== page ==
Saturday, January 14, 2012

Lost in the Woods

I struggled to decide what I thought about the American re-make of The Girl with the Dragon Tattoo. I have not seen the Swedish language version, nor have I read the best selling Steig Larsson novel on which the film is based and, quite frankly, I am bored by the politics of Hollywood re-making foreign language films in order to a wider American audience. Best selling books and business decisions aside, is David Fincher's US$100 million follow up to what, for my money, was the best film of 2010 - The Social Network - actually any good?

The Girl with the Dragon Tattoo is a very handsomely made film. The photography by Jeff Cronenweth (son of legendary cinematographer Jordan Cronenweth, himself responsible for no small part of the iconic look of Ridley Scott's Blade Runner) creates interiors bathed in a sickly green hue of phosphorescent lamps to contrast with the whites and blues of the Swedish countryside. The music by Trent Reznor and Atticus Rose is discordant in much the same pop-synth way as their work on The Social Network. And David Fincher, as ever, directs with laser targeted precision - all of the shots are framed according to strict rules of Euclidean geometry

The actors are also excellent. Roony Mara is totally committed to what could easily have been a laughable superwoman character - violent, bisexual, capable of doing anything with a computer, but also beautiful and eager to jump into bed with the journalist played by Daniel Craig (more than a whiff of wish fulfillment on Steig Larsson's part there). But thanks to be energy and brio that she brings to the part, Lisbeth Salender is more than just a cardboard cut out; she is a living, breathing cartoon monster/avenging angel. Daniel Craig, who has to play Batman to her Joker, Hislop to her Merton, Watson to her Sherlock is also very good - although, the more he tries to act schlubby (he wears glasses and occasionally gets out of breath), the more one is reminded that he is James Bond.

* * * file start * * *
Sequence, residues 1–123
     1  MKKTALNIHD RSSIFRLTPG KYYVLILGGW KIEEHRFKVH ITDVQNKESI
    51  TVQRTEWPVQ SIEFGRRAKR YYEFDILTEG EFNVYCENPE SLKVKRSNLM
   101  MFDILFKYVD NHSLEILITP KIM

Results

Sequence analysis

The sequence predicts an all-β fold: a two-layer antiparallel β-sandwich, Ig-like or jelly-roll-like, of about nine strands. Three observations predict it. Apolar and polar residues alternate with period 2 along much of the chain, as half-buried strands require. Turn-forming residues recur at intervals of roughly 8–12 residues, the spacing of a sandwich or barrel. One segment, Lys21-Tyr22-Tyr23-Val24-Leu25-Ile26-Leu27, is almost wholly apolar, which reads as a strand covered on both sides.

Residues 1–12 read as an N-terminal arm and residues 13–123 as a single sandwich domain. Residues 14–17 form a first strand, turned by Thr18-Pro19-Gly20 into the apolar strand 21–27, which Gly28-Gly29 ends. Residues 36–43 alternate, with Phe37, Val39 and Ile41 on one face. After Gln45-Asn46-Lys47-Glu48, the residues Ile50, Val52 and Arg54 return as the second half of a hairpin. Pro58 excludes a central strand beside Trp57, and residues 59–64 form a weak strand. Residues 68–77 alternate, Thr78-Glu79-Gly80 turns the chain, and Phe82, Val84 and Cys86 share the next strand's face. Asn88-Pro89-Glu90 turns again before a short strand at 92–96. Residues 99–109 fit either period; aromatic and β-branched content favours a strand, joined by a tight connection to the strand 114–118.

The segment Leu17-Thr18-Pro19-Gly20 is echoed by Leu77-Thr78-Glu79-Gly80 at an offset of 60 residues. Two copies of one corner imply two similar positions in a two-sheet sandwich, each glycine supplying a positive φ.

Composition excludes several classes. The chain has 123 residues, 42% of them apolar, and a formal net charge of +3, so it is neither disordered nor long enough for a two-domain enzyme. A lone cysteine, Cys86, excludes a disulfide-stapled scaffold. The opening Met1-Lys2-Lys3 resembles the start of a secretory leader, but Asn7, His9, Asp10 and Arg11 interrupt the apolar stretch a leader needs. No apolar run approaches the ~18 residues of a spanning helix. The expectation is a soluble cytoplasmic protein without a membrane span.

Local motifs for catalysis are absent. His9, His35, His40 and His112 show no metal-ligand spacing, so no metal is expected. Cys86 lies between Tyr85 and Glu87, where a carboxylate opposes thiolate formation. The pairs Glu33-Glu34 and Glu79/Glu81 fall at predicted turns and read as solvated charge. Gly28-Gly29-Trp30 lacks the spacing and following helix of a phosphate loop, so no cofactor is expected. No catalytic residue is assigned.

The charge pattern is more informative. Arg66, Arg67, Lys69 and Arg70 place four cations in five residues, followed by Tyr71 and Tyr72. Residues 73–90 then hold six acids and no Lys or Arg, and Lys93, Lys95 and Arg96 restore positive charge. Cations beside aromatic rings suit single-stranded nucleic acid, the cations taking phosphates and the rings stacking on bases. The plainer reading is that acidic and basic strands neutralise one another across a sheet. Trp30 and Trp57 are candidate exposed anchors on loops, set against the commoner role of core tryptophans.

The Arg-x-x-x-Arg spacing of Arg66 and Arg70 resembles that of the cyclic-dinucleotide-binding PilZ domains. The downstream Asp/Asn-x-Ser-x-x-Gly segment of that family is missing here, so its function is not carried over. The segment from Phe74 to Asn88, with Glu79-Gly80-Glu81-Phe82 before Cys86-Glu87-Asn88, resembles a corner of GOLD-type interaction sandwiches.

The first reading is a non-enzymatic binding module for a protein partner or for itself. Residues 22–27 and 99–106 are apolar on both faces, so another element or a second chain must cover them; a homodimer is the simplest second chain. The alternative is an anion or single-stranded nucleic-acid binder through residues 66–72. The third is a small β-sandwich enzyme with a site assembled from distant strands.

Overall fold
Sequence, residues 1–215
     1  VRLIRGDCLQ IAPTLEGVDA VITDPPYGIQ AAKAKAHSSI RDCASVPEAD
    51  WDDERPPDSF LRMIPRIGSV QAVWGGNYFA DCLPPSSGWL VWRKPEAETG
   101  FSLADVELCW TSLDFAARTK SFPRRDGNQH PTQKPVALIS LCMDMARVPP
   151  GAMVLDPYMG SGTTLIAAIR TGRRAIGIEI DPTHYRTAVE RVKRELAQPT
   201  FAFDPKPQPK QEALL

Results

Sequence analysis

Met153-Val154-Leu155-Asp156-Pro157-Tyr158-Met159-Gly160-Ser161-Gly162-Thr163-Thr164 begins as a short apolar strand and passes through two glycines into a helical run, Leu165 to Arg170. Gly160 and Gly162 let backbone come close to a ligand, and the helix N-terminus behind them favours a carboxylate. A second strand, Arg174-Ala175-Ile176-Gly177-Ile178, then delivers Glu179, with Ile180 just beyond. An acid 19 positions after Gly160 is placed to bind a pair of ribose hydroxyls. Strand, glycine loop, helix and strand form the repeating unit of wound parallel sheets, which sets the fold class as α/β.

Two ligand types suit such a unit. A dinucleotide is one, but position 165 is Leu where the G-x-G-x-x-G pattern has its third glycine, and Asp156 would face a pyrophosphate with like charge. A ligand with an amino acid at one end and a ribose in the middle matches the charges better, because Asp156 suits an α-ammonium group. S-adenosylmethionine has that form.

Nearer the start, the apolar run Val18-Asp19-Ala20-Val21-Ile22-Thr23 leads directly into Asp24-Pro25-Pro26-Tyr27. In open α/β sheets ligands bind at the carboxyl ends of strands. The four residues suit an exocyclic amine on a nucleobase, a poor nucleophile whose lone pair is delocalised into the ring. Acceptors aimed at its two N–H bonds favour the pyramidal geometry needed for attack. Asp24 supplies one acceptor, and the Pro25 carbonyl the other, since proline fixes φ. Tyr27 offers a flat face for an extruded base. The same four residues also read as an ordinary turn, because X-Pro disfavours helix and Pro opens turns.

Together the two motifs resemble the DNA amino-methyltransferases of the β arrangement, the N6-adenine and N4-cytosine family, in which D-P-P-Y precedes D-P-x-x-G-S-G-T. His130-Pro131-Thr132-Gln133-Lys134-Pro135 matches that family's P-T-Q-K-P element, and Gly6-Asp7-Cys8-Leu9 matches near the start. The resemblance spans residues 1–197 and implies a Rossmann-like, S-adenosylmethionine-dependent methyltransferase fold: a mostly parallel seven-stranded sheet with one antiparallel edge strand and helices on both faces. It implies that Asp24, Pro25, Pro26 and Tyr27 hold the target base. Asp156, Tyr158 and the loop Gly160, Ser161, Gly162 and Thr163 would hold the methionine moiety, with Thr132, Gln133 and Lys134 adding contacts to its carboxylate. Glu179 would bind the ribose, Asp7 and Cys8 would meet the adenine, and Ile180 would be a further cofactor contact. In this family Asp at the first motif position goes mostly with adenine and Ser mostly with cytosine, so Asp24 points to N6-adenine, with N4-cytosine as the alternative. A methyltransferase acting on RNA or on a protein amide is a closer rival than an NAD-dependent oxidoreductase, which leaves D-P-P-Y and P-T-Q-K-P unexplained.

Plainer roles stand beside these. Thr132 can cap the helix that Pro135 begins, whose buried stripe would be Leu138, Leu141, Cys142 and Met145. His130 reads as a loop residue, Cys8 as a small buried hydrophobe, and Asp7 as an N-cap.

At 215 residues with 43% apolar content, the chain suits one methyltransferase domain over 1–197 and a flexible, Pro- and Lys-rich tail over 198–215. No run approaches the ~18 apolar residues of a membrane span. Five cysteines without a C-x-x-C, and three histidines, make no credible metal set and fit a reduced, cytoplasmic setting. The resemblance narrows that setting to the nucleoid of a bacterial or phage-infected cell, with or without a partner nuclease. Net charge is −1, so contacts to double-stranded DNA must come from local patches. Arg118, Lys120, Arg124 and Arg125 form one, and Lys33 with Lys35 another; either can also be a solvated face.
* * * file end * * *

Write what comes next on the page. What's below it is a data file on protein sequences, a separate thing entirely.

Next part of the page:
The actors, however, are faced with a thankless task. The primary problem with the film is its plot, its characters and its uneven tone. The narrative is pretty standard fare. But worse than that, the film readily resorts to the most cliched of conventions without even the good grace to let the audience in on the joke so that they can laugh at it. Struggling to make a character sufficiently sinister? Invoke the Nazis! Can't figure out how to resolve the film's central mystery? Have the killer needlessly reveal himself! Yet the tone is sombre and portentous throughout. (As side note, why is it when Hollywood directors decide to go 'dark', they equate the same with humorlessness? Stanley Kubrick, for one, Alfred Hitchcock, for another, understood that this is not the case, and to sometimes chilling effect).

The film ultimately drowns it in a sea of its own self-importance and, although some moments are more engaging than others, without a gripping story - solving a murder case that happened 20 years prior is not engaging, it's the plot for Old Tricks on the BBC for goodness sake - one's mind starts to wander. Great acting, great camera work, great sets and a director who knows exactly what he wants, cannot save a lumpen story and, unfortunately, The Girl with the Dragon Tattoo is a case in - Lost in the Woods - The Girl with the Dragon Tattoo, David Fincher, Daniel Craig, Roony Mara, Steig Larsson, Swedish, American, remake, film, review


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